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On the afternoon of December 13, 2018, friends and colleagues gathered in the CIT to honor Professor John Savage, one of the co-founders of Brown CS, as he gave a lecture ("Cyber Security: A Societal Grand Challenge") that drew from a career of more than five decades. Although billed as a retirement lecture, John continues to teach in Brown's new Executive Master in Cyber Security degree program and has more than 185 students enrolled in his CSCI 1800 Cyber Security and International Relations class next semester. John's wife, Patricia, was also in attendance, and the talk was followed by a special reception at which colleagues offered toasts in his honor.
Department Chair Ugur Çetintemel opened the lecture by praising John's research and teaching and citing an article that John wrote more than twenty years ago, in which he had the foresight to encourage computer scientists to "become more outward directed" and "understand the problems that arise in computationally demanding science and business applications so we can help solve them". He thanked John for an extraordinary set of contributions to Brown: Savage served as Department Chair of Brown CS, Chair of the Task Force on Faculty Governance, and Chair of the Faculty Executive Committee, among other leadership roles. John received the President's Award for Faculty Governance in 2009.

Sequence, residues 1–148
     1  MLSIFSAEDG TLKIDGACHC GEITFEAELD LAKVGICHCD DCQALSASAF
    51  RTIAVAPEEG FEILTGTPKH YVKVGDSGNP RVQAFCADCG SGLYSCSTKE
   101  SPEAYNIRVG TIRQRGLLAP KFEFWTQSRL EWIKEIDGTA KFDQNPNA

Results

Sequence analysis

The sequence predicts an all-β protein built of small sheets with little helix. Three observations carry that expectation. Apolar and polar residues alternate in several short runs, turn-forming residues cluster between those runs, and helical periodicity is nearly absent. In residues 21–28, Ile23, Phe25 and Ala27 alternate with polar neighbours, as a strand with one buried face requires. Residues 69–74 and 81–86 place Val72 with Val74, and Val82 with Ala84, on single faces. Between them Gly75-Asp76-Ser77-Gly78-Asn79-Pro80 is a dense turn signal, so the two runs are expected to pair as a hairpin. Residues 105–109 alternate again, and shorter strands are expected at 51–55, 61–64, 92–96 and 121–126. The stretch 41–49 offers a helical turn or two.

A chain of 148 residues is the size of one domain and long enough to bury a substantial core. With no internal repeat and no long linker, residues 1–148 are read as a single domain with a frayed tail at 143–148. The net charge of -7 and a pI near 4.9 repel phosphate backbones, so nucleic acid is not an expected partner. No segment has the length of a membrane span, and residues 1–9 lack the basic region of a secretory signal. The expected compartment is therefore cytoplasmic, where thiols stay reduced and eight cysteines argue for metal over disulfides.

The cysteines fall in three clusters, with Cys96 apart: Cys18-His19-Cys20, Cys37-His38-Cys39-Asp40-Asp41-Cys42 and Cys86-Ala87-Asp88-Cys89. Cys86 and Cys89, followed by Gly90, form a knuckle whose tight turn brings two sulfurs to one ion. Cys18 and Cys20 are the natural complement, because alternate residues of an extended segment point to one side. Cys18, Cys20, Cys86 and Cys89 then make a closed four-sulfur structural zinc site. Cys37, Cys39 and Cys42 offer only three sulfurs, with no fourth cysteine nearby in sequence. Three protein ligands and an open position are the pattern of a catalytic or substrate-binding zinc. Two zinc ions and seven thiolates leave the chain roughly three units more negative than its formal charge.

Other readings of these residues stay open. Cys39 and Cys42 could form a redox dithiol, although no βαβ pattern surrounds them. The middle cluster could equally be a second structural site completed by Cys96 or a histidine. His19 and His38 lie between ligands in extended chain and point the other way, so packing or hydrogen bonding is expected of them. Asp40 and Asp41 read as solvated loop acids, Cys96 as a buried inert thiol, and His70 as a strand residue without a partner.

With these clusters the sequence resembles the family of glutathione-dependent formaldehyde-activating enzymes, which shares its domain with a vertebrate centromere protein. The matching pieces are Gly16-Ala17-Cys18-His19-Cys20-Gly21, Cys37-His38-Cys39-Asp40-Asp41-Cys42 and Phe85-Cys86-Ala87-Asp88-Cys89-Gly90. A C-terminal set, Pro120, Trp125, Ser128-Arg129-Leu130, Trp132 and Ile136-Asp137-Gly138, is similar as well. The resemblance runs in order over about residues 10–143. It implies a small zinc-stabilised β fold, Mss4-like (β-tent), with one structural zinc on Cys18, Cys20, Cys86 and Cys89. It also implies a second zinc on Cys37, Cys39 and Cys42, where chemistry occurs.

His service to professional societies and in the field of cyber security and Internet governance are equally storied: John has been a member of the NSF Review Panel on Emerging Technologies and the Program Committee for the IEEE/ACM International Symposium On Nanoscale Architectures, a Jefferson Science Fellow for the US Department of State, an honored advisor for the government of Vietnam, and a member of the Scientific and Technical Intelligence Committee. He is a Fellow of AAAS and ACM, a Life Fellow of IEEE, a Guggenheim Fellow, a Professorial Fellow of the EastWest Institute, and the recipient of a Fulbright-Hays Research Award.